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Giant lily pads capable of supporting a baby float in a pool in the rainforest glass house at the University of Oxford Botanic Garden.

Giant lily pads capable of supporting a baby float in a pool in the rainforest glass house at the University of Oxford Botanic Garden. (Geoff Ziezulewicz / S&S)

Giant lily pads capable of supporting a baby float in a pool in the rainforest glass house at the University of Oxford Botanic Garden.

Giant lily pads capable of supporting a baby float in a pool in the rainforest glass house at the University of Oxford Botanic Garden. (Geoff Ziezulewicz / S&S)

The flowers at the University of Oxford Botanic Garden, like this bunch of clivia, are in full bloom this time of year.

The flowers at the University of Oxford Botanic Garden, like this bunch of clivia, are in full bloom this time of year. (Geoff Ziezulewicz / S&S)

The foliage grows so densely at points in the garden's glass houses that an adult has to bend over to get through.

The foliage grows so densely at points in the garden's glass houses that an adult has to bend over to get through. (Geoff Ziezulewicz / S&S)

While the glass houses are a significant attraction, the botanic garden also features a large, tranquil outdoor garden, the perfect escape from the exhaust-fume bustle of the city outside.

While the glass houses are a significant attraction, the botanic garden also features a large, tranquil outdoor garden, the perfect escape from the exhaust-fume bustle of the city outside. (Geoff Ziezulewicz / S&S)

For those looking to get their desert fix, The University of Oxford Botanic Garden houses a variety of cacti.

For those looking to get their desert fix, The University of Oxford Botanic Garden houses a variety of cacti. (Geoff Ziezulewicz / S&S)

With the gray skies, cool temperatures and standard-issue flora that come with living in England, the environment can easily fail to stimulate the senses.

But there are places where tropical palm fronds loom, where giant lily pads capable of supporting a baby float next to their smaller brethren. It’s the University of Oxford’s Botanic Garden, and it’s the perfect color-soaked diversion when England’s gray gets to be too much.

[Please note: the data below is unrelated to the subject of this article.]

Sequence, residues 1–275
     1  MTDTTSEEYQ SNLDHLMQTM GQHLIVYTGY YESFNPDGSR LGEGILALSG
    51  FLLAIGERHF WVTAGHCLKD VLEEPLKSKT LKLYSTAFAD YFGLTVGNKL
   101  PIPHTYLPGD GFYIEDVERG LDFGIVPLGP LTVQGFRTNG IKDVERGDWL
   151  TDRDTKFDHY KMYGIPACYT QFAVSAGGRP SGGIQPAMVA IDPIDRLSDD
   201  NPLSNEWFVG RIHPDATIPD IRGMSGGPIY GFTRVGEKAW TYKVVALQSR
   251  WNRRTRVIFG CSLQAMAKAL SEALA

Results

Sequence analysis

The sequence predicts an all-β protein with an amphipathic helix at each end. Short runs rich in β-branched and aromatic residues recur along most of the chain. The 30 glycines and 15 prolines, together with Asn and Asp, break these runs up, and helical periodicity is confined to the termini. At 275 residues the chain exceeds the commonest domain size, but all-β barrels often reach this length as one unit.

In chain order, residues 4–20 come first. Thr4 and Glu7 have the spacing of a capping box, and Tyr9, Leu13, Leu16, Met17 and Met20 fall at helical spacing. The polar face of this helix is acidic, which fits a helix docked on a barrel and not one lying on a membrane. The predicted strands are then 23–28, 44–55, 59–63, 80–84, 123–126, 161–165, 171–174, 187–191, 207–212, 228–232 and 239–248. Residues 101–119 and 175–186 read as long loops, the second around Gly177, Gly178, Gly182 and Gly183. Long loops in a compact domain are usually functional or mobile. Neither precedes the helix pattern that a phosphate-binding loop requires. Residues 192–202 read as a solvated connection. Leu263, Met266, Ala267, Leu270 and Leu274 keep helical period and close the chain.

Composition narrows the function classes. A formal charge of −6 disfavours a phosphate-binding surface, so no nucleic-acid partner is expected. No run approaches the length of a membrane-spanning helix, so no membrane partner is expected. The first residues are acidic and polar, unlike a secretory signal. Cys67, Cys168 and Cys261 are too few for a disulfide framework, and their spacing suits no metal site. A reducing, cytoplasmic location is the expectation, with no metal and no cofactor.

Located in downtown Oxford, the botanic garden was the first in England and was originally used to grow medicinal plants, curator Louise Allen said.

The facility has a large outdoor garden replete with all types of aromatic flowers, trees and a fountain, but there are also large greenhouses bursting with 6,500 different plants.

“It’s really an amazing place to see a huge amount of plant diversity in a very small area,” Allen said. “It’s only 4½ acres in size, but you can visit everything from a rainforest to a desert.”

The garden also grows vegetables, but those are only for display, she said.

A recent visit found lush rainforest rooms with so much foliage that an adult has to bend over just to get through at points, and there are plenty of nooks and crannies for the kids to explore.

The plants are grown to support university research, the garden’s Web site states, but also to give a little inspiration to the novice gardener.

The garden came into existence in 1633, the Web site states, when Sir Henry Danvers donated 5,000 pounds, about 3.5 million pounds today, to establish the garden for “the glorification of God and for the furtherance of learning.”

It’s easy to see something divine when walking through the garden’s glass houses. The stillness, beauty and silence just ooze tranquility.

Everything is particularly lush this season, with the grass staying greener longer and “incredible” growth rates, Allen said.

In a busy world, such gardens are a welcome respite.

“It’s a place to kind of escape,” she said. “As soon as you step into the garden, you leave behind the business of everyday life. Suddenly the noise has disappeared, and it’s a green oasis in an incredibly busy city. It’s good for the soul.”

Getting thereLocation: Rose Lane, Oxford, on High Street right across from Magdalen College.

Hours: Currently open 9 a.m. to 6 p.m., with the last entry at 5:15 p.m. Hours vary for the rest of the year.

Cost: Three pounds for adults, kids are free and 2.50 pounds for senior citizens and the unemployed. You apparently have to show proof that you’re unemployed to save those 50 pence.

Phone: 01865 286690

Web site:www.botanic-garden.ox.ac.uk


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